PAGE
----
When I was a child, I often wanted to go fishing. Although I had begged my father numerous times to take me fishing, I can remember only two times that he did.
Once, he took my older brother, Chris, and I to Town Creek near Fyffe, Alabama. We had parked on the side of the road and walked through the trees to the creek bank beneath the bridge. The only fish we caught looked like a large goldfish, so looking back, it must have been a carp. I remember my brother reeling it to the bank and the fish flopping on the bank. Our father unhooked it and released it. The fish was bleeding as he put it back in the water, and shortly thereafter, we left.
The other time he took me fishing was with his friends, Johnny and Annette, to Will’s Creek in Will’s Valley near Collinsville. Whether I was fishing or not, I loved going to this creek. An old dam with what was left of a gristmill was a fun place to explore. But since we didn’t have fishing poles, Johnny allowed me to use one of his.
I wasn’t too good at casting, and I didn’t catch a fish that day. It was also the first time that I had seen someone use sweet corn as bait. After we had fished for less than a half hour, the fishing line in the reel I was using knotted up and wouldn’t cast. I took the pole to my father, but since he never fished, he had no idea how to fix it. Embarrassed, he told me that I had torn up the rod and reel, but Johnny came over and grinned.
He said, “Don’t worry about it. I can fix it when I get home.”
A few years later, after my parents divorced, I still had the urge to fish and wanted to learn as much about it as possible. I mowed lawns during the spring and summer months to earn money. I picked up aluminum cans as another means to get money. After I earned enough, I decided to buy my first rod and reel.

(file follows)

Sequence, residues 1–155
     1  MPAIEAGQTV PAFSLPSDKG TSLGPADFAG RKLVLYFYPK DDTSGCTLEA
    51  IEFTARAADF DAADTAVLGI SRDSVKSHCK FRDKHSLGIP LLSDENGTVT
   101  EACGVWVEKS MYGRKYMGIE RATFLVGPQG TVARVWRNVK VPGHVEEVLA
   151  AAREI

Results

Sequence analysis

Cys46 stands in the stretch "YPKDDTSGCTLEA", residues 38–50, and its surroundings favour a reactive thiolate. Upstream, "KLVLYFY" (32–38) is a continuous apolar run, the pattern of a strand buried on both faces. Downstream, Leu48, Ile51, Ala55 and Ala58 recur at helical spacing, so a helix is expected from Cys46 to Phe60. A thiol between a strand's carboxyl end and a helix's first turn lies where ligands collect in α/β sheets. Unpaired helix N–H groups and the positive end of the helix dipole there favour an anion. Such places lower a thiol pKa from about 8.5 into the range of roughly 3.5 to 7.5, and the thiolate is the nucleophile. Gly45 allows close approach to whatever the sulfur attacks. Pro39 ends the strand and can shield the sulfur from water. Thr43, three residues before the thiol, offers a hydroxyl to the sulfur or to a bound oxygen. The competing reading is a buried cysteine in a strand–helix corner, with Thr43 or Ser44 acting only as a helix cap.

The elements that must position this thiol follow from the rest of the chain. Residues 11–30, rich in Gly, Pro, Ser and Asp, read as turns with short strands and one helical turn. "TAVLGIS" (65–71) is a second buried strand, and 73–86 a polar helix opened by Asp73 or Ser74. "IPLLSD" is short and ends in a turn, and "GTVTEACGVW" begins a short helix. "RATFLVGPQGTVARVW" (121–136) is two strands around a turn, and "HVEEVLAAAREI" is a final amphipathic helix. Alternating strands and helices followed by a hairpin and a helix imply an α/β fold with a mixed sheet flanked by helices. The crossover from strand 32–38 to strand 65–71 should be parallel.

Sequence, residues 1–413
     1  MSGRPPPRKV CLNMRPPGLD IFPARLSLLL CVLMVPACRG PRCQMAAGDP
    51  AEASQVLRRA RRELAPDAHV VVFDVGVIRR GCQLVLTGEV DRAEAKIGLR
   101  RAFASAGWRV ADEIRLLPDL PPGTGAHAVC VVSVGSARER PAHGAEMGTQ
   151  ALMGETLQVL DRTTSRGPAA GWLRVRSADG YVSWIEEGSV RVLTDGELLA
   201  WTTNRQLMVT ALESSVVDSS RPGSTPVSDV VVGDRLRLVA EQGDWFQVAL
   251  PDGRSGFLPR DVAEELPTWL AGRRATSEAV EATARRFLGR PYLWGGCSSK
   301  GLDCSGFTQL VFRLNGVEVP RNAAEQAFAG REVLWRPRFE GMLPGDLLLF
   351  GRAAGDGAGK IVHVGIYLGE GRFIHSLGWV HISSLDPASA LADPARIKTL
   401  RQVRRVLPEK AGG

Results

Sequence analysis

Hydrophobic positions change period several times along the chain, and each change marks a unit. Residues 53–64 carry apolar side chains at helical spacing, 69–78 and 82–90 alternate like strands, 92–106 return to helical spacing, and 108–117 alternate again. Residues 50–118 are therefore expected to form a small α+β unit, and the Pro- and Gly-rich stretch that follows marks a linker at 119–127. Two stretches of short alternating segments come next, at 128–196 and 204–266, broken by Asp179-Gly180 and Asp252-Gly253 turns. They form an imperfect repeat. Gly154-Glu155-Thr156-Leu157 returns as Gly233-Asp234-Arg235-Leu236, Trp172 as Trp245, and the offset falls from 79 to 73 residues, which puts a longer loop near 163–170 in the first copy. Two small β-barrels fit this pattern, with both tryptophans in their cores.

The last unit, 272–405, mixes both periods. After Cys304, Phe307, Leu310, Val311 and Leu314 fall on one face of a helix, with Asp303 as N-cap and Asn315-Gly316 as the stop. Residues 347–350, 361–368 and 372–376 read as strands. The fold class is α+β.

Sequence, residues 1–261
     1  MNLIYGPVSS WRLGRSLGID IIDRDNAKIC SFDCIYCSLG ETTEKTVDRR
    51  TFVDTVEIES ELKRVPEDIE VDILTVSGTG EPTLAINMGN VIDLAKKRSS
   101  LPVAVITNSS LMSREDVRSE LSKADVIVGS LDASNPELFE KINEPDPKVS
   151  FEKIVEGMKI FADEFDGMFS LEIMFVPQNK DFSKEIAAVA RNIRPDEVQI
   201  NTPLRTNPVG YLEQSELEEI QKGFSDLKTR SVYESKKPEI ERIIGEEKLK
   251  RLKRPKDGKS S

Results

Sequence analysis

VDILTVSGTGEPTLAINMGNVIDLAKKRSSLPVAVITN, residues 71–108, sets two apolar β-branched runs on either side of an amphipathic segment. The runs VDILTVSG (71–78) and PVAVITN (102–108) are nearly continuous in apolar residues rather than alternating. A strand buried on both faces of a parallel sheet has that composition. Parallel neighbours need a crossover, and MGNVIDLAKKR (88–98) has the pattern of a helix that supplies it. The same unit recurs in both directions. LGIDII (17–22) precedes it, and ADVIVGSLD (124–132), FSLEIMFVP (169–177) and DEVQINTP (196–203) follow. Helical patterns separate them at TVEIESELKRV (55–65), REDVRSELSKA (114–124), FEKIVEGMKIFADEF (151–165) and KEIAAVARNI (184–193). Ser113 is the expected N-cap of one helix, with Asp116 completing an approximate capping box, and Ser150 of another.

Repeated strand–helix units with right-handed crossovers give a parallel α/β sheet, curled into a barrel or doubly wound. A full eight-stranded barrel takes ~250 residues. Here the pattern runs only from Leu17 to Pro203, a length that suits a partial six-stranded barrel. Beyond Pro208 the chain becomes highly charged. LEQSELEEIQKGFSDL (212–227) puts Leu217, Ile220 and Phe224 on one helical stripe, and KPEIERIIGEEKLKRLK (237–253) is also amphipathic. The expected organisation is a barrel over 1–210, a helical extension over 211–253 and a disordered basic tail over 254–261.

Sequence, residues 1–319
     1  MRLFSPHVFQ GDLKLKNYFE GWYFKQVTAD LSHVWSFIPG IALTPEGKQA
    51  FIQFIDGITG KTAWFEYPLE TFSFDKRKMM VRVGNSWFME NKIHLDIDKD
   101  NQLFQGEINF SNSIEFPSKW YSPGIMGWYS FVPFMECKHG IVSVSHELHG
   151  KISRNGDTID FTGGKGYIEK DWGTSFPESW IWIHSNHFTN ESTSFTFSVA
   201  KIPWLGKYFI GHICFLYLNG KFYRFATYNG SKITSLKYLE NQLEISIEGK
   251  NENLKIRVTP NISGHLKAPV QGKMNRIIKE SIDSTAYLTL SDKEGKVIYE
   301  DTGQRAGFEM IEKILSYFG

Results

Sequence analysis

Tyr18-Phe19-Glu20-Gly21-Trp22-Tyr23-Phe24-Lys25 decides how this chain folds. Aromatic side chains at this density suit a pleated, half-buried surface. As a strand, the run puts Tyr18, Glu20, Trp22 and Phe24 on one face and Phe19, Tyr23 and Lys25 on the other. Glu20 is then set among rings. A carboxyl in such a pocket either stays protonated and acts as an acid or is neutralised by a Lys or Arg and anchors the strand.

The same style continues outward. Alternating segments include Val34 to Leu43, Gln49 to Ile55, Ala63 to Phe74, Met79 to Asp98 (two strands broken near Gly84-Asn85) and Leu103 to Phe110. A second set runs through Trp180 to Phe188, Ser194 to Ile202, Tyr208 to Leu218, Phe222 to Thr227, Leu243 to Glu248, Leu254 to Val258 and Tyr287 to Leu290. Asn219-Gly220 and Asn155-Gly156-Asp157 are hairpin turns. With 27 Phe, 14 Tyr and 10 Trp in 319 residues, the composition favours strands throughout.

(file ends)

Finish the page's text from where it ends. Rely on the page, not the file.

My mother took me to Kmart, and I bought a Zebco 404. I bought some bobbers and didn’t know much about the type of hooks I needed, so I bought a Lakewood lure. This lure had a treble hook covered with feathers and a spinning blade near the top, which is called a ‘rooster tail’ by fishermen. Not knowing the purpose for the hook or how to use it properly, I attached a bobber and placed grasshoppers on the three hooks. I caught panfish like crazy.
Boykin Farms had a good sized pond in the pasture behind our house. I fished there, and the great thing during the summer was not having to worry about bait. Grasshoppers and crickets were everywhere.
One day, my friend, Jerry, came to the pond with me to fish. He brought his fishing pole, and when he saw my lure, he said, “You don’t need a bobber for that. Just cast it out and reel it in.”
My first thought was ‘that will never work.’ So, I continued placing grasshoppers on it and used the bobber.
Before he left to go home, he reeled in a largemouth bass. Up until this point, I had only caught bream. This was the first bass I had ever seen, and he told me that if I quit using the bobber with my lure, I should catch a lot of bass, as the lure was made specifically for that purpose. Since he needed to get home, we took our stringer of fish back to the house.
The next day I returned to the pond and caught several bream, still using my poor technique. The sky darkened and storm clouds formed. Thunder rumbled. I didn’t have long to fish and needed to get away from the pond before the lightning was closer. Before leaving, I decided to follow Jerry’s advice. I took the bobber off the line and cast the lure out. Almost immediately, a fish yanked the lure and pulled away.